Search Results

You are looking at 11 - 15 of 15 items for

  • Author or Editor: Min Chen x
  • All content x
Clear All Modify Search
Paul A. Levine, James T. Randerson, Yang Chen, Michael S. Pritchard, Min Xu, and Forrest M. Hoffman

Abstract

El Niño–Southern Oscillation (ENSO) is an important driver of climate and carbon cycle variability in the Amazon. Sea surface temperature (SST) anomalies in the equatorial Pacific drive teleconnections with temperature directly through changes in atmospheric circulation. These circulation changes also impact precipitation and, consequently, soil moisture, enabling additional indirect effects on temperature through land–atmosphere coupling. To separate the direct influence of ENSO SST anomalies from the indirect effects of soil moisture, a mechanism-denial experiment was performed to decouple their variability in the Energy Exascale Earth System Model (E3SM) forced with observed SSTs from 1982 to 2016. Soil moisture variability was found to amplify and extend the effects of SST forcing on eastern Amazon temperature and carbon fluxes in E3SM. During the wet season, the direct, circulation-driven effect of ENSO SST anomalies dominated temperature and carbon cycle variability throughout the Amazon. During the following dry season, after ENSO SST anomalies had dissipated, soil moisture variability became the dominant driver in the east, explaining 67%–82% of the temperature difference between El Niño and La Niña years, and 85%–91% of the difference in carbon fluxes. These results highlight the need to consider the interdependence between temperature and hydrology when attributing the relative contributions of these factors to interannual variability in the terrestrial carbon cycle. Specifically, when offline models are forced with observations or reanalysis, the contribution of temperature may be overestimated when its own variability is modulated by hydrology via land–atmosphere coupling.

Open access
Xin-Min Zeng, B. Wang, Y. Zhang, Y. Zheng, N. Wang, M. Wang, X. Yi, C. Chen, Z. Zhou, and H. Liu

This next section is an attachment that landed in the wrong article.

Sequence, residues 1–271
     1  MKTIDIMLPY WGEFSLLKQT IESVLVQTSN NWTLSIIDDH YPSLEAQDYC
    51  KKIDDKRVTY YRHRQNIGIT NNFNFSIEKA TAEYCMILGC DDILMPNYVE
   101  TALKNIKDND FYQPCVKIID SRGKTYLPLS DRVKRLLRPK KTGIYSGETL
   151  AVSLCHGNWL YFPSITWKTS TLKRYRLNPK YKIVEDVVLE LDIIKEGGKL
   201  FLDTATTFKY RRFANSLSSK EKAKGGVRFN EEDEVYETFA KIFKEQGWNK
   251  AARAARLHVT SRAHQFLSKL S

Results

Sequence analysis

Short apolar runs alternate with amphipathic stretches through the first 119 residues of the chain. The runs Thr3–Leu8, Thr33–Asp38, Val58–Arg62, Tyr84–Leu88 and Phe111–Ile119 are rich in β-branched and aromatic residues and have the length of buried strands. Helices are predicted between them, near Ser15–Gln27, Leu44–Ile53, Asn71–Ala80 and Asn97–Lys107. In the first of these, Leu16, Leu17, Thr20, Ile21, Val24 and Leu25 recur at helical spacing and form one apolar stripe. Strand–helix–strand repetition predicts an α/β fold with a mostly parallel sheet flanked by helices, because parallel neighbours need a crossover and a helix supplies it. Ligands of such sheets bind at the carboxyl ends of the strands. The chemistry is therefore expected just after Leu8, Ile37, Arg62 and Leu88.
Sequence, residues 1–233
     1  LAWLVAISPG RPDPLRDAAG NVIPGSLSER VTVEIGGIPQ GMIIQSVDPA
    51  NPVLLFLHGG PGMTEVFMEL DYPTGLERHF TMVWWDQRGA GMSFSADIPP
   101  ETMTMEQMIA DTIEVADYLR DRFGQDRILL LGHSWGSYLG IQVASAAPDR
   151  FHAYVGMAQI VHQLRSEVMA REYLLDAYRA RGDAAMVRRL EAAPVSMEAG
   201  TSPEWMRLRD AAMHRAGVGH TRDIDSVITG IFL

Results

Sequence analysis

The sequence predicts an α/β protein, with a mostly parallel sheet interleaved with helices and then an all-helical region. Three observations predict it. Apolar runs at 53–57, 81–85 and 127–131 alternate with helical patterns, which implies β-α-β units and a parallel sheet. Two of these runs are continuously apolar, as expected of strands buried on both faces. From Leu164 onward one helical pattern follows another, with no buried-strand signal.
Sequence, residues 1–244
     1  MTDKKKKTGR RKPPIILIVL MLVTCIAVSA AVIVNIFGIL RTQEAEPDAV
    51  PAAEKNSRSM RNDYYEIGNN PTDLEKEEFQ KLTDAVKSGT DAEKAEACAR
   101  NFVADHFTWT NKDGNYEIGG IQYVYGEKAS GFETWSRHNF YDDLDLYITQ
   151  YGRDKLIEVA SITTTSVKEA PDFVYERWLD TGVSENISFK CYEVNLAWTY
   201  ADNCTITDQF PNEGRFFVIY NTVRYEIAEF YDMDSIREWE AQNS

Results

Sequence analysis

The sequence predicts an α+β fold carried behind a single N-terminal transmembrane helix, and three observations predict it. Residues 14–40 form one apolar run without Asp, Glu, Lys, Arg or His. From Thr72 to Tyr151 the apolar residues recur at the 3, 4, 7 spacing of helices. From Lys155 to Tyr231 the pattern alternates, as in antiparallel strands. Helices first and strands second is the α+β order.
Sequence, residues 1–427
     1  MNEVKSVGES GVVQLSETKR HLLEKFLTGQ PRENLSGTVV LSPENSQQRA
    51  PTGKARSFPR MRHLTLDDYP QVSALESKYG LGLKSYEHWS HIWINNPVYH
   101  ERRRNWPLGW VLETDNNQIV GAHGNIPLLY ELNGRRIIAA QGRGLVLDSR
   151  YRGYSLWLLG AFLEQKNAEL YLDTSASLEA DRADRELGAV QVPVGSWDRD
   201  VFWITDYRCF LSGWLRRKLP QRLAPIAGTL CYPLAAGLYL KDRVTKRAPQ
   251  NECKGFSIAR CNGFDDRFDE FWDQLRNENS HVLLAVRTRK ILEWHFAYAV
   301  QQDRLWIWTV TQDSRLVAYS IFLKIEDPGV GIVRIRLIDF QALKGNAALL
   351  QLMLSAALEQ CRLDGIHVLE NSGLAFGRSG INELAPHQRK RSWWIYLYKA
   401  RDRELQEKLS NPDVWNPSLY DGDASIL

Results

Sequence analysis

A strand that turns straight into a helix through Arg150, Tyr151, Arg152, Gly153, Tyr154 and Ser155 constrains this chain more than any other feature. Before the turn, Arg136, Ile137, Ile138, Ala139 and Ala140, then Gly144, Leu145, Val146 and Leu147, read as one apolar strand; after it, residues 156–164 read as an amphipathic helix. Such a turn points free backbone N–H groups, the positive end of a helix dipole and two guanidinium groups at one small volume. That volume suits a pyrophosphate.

Abstract

To quantify and explain effects of different land surface schemes (LSSs) on simulated geopotential height (GPH) fields, we performed simulations over China for the summer of 2003 using 12-member ensembles with the Weather Research and Forecasting (WRF) Model, version 3. The results show that while the model can generally simulate the seasonal and monthly mean GPH patterns, the effects of the LSS choice on simulated GPH fields are substantial, with the LSS-induced differences exceeding 10 gpm over a large area (especially the northwest) of China, which is very large compared with climate anomalies and forecast errors. In terms of the assessment measures for the four LSS ensembles [namely, the five-layer thermal diffusion scheme (SLAB), the Noah LSS (NOAH), the Rapid Update Cycle LSS (RUC), and the Pleim–Xiu LSS (PLEX)] in the WRF, the PLEX ensemble is the best, followed by the NOAH, RUC, and SLAB ensembles. The sensitivity of the simulated 850-hPa GPH is more significant than that of the 500-hPa GPH, with the 500-hPa GPH difference fields generally characterized by two large areas with opposite signs due to the smoothly varying nature of GPHs. LSS-induced GPH sensitivity is found to be higher than the GPH sensitivity induced by atmospheric boundary layer schemes. Moreover, theoretical analyses show that the LSS-induced GPH sensitivity is mainly caused by changes in surface fluxes (in particular, sensible heat flux), which further modify atmospheric temperature and pressure fields. The temperature and pressure fields generally have opposite contributions to changes in the GPH. This study emphasizes the importance of choosing and improving LSSs for simulating seasonal and monthly GPHs using regional climate models.

Full access
Chu-Chun Chen, Min-Hui Lo, Eun-Soon Im, Jin-Yi Yu, Yu-Chiao Liang, Wei-Ting Chen, Iping Tang, Chia-Wei Lan, Ren-Jie Wu, and Rong-You Chien

Abstract

Tropical deforestation can result in substantial changes in local surface energy and water budgets, and thus in atmospheric stability. These effects may in turn yield changes in precipitation. The Maritime Continent (MC) has undergone severe deforestation during the past few decades but it has received less attention than the deforestation in the Amazon and Congo rain forests. In this study, numerical deforestation experiments are conducted with global (i.e., Community Earth System Model) and regional climate models (i.e., Regional Climate Model version 4.6) to investigate precipitation responses to MC deforestation. The results show that the deforestation in the MC region leads to increases in both surface temperature and local precipitation. Atmospheric moisture budget analysis reveals that the enhanced precipitation is associated more with the dynamic component than with the thermodynamic component of the vertical moisture advection term. Further analyses on the vertical profile of moist static energy indicate that the atmospheric instability over the deforested areas is increased as a result of anomalous moistening at approximately 800–850 hPa and anomalous warming extending from the surface to 750 hPa. This instability favors ascending air motions, which enhance low-level moisture convergence. Moreover, the vertical motion increases associated with the MC deforestation are comparable to those generated by La Niña events. These findings offer not only mechanisms to explain the local climatic responses to MC deforestation but also insights into the possible reasons for disagreements among climate models in simulating the precipitation responses.